Probability of males to outlive females: an international comparison from 1751 to 2020

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Abstract

OBJECTIVE: To measure sex differences in lifespan based on the probability of males to outlive females.

DESIGN: International comparison of national and regional sex-specific life tables from the Human Mortality Database and the World Population Prospects.

SETTING: 199 populations spanning all continents, between 1751 and 2020.

PRIMARY OUTCOME MEASURE: We used the outsurvival statistic ( φ ) to measure inequality in lifespan between sexes, which is interpreted here as the probability of males to outlive females.

RESULTS: In random pairs of one male and one female at age 0, the probability of the male outliving the female varies between 25% and 50% for life tables in almost all years since 1751 and across almost all populations. We show that φ is negatively correlated with sex differences in life expectancy and positively correlated with the level of lifespan variation. The important reduction of lifespan inequality observed in recent years has made it less likely for a male to outlive a female.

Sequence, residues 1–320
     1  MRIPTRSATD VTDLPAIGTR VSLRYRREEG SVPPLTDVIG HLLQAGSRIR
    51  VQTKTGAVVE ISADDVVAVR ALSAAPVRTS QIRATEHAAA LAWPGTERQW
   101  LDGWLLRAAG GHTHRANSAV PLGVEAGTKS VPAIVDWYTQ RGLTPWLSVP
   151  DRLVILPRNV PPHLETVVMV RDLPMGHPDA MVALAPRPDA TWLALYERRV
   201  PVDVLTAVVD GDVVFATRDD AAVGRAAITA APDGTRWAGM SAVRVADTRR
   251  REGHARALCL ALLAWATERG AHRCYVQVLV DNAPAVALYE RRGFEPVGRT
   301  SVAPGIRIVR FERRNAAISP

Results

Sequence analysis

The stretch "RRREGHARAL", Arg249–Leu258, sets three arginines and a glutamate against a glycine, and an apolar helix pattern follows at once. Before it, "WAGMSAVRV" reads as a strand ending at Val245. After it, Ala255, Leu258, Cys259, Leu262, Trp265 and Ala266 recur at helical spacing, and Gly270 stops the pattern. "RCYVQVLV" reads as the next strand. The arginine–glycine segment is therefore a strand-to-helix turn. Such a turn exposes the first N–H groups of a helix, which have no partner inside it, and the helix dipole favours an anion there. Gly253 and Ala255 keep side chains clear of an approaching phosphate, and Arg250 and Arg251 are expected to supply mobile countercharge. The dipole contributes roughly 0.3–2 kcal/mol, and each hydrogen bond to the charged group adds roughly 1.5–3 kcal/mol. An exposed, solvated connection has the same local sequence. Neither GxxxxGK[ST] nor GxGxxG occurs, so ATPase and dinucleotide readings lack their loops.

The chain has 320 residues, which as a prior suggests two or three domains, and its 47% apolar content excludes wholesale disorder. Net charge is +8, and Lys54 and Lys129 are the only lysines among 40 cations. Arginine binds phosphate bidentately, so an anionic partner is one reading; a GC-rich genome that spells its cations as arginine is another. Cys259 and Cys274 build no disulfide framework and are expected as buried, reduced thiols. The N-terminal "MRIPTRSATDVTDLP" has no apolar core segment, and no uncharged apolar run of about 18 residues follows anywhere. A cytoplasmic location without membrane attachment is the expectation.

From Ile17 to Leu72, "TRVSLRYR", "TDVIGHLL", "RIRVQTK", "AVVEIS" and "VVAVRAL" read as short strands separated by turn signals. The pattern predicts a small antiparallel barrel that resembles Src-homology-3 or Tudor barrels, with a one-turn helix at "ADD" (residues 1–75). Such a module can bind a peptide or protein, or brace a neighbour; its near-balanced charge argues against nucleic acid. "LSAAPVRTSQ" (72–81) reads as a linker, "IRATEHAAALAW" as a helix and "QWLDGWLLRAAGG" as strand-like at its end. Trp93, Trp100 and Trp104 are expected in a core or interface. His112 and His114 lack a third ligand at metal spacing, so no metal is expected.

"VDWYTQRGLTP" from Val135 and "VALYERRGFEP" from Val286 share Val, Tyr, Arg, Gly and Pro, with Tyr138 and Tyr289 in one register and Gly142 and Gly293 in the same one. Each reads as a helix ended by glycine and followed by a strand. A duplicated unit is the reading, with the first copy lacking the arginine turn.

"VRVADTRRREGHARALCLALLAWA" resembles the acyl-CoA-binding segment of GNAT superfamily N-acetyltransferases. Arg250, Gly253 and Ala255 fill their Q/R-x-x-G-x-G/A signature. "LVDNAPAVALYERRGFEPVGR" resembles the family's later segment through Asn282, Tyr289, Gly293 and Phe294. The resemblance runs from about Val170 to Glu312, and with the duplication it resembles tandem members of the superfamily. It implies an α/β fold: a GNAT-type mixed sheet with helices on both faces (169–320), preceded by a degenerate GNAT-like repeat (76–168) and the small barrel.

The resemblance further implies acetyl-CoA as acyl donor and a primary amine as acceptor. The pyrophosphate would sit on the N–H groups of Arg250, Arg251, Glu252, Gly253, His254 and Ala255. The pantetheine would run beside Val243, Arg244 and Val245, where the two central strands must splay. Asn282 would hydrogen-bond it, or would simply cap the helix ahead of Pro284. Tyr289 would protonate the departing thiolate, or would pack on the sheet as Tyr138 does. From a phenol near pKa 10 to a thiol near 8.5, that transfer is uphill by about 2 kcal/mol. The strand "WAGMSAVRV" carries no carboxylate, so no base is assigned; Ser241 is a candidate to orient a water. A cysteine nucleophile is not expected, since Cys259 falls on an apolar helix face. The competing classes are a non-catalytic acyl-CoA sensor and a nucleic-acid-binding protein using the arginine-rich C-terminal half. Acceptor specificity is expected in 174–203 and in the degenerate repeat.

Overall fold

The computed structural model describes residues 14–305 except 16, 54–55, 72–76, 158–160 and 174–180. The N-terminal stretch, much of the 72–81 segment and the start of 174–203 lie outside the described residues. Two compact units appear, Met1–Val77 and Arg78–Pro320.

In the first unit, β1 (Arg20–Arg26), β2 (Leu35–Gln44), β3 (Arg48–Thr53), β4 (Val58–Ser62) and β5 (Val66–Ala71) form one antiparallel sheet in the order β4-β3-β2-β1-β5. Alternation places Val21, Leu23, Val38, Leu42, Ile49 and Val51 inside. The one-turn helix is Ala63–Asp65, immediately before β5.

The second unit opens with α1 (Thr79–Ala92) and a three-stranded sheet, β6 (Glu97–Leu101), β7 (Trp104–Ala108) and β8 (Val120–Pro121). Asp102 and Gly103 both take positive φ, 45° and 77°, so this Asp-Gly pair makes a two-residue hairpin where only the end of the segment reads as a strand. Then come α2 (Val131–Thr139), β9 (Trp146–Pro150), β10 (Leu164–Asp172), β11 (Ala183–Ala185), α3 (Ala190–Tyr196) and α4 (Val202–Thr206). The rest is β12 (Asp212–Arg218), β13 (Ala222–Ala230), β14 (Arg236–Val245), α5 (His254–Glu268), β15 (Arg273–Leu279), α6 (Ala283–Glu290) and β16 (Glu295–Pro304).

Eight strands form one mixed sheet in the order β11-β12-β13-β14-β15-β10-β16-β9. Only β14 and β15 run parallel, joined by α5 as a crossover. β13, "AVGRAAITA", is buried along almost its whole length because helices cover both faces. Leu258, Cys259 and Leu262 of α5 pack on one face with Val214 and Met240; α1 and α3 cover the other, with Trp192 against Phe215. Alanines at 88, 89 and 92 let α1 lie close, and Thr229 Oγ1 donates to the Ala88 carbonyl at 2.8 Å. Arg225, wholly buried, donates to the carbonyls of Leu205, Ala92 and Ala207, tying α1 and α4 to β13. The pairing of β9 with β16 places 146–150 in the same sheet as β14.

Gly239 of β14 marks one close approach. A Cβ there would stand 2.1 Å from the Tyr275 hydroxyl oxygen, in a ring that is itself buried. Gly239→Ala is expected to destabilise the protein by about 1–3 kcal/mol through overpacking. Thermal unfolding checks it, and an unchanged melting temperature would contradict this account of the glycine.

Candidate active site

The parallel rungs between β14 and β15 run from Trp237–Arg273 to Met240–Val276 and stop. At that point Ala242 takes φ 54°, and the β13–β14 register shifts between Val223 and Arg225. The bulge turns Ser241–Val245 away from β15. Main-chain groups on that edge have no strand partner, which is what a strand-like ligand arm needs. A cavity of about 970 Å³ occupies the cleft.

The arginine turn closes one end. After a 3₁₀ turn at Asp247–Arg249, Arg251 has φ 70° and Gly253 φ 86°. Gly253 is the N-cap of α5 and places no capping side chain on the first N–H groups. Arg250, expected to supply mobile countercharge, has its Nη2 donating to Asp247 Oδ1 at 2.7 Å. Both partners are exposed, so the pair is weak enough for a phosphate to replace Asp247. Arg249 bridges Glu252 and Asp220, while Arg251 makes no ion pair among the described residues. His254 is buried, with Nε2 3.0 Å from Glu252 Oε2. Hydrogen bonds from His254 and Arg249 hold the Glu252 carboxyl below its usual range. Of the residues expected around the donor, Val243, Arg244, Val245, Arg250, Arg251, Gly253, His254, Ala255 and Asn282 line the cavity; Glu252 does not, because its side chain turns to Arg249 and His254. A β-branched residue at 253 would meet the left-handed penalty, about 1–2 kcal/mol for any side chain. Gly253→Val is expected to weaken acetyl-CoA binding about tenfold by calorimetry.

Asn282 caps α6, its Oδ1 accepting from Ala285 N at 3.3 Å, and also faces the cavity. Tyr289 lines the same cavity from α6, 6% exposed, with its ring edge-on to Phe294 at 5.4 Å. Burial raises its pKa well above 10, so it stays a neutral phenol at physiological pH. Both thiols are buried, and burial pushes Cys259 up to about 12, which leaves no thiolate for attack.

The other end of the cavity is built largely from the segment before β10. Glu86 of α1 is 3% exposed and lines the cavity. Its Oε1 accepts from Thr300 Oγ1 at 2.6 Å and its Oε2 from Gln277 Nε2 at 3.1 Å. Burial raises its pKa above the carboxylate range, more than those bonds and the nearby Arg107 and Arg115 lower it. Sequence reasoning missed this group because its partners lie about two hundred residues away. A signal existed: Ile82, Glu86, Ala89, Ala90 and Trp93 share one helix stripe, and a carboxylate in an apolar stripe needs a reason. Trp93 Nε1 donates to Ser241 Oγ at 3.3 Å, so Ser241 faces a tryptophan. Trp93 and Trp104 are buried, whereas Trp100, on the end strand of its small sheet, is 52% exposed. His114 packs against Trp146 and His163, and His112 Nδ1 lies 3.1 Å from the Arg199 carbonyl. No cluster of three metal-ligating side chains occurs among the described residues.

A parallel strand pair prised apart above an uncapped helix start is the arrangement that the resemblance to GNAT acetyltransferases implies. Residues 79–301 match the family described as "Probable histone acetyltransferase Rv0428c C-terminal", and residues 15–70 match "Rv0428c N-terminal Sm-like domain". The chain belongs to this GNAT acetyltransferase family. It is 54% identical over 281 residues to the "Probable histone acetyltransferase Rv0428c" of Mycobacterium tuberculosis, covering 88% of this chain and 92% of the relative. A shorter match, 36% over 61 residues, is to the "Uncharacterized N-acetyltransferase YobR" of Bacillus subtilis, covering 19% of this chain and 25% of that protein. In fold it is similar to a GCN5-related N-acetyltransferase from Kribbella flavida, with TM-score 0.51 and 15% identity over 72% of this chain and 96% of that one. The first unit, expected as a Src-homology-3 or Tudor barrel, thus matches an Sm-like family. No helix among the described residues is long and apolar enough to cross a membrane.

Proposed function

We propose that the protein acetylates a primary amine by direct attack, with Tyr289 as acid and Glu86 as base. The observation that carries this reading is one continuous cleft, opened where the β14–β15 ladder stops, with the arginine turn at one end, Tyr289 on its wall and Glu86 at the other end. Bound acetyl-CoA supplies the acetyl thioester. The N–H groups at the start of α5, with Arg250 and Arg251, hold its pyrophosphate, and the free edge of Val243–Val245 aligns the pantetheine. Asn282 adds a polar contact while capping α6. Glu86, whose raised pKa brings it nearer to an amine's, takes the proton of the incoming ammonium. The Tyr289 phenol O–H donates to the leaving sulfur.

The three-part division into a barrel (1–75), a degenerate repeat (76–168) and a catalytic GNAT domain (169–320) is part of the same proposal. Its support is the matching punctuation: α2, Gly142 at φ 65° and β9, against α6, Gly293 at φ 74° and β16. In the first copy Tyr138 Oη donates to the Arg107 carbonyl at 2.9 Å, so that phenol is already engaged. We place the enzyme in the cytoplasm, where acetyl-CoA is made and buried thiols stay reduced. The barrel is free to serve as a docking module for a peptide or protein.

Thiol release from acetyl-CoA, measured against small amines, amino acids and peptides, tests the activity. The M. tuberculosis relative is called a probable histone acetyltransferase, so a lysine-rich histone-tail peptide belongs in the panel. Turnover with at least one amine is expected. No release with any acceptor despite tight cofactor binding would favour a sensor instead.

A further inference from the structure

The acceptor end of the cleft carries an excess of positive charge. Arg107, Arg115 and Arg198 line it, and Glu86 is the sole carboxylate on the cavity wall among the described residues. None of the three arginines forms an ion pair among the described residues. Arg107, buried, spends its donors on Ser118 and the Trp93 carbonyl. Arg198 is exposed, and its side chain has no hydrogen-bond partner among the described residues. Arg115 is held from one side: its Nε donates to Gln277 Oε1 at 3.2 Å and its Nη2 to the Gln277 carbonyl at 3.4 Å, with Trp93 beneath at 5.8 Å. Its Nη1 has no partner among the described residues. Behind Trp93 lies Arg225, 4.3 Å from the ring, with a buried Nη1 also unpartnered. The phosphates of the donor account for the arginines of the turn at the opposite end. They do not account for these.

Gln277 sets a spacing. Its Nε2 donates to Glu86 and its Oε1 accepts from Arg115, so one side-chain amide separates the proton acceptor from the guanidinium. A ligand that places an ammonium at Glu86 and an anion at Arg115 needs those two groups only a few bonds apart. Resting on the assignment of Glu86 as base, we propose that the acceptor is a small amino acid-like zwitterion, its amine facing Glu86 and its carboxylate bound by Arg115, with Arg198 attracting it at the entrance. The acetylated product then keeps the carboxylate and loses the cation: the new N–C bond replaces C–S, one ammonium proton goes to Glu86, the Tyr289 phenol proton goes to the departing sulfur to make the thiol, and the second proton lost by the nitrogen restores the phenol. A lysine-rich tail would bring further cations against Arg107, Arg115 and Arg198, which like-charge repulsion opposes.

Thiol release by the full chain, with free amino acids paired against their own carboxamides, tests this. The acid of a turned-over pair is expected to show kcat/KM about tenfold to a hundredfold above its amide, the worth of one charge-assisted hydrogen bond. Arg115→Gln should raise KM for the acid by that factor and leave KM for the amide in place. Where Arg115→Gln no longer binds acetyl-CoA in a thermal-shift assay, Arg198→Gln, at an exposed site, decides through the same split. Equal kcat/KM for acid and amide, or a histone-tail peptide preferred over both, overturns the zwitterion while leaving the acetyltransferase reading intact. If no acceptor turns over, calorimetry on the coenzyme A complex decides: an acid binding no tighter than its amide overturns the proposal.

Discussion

CONCLUSIONS: Although male life expectancy is generally lower than female life expectancy, and male death rates are usually higher at all ages, males have a substantial chance of outliving females. These findings challenge the general impression that 'men do not live as long as women' and reveal a more nuanced inequality in lifespans between females and males.

Original languageEnglish
Article numbere059964
JournalBMJ Open
Volume12
Issue number8
ISSN2044-6055
DOIs
Publication statusPublished - 2. Aug 2022

Keywords

  • epidemiology
  • statistics & research methods
  • public health
  • Life Expectancy
  • Humans
  • Mortality
  • Probability
  • Female
  • Male
  • Longevity
  • Infant, Newborn
  • Databases, Factual

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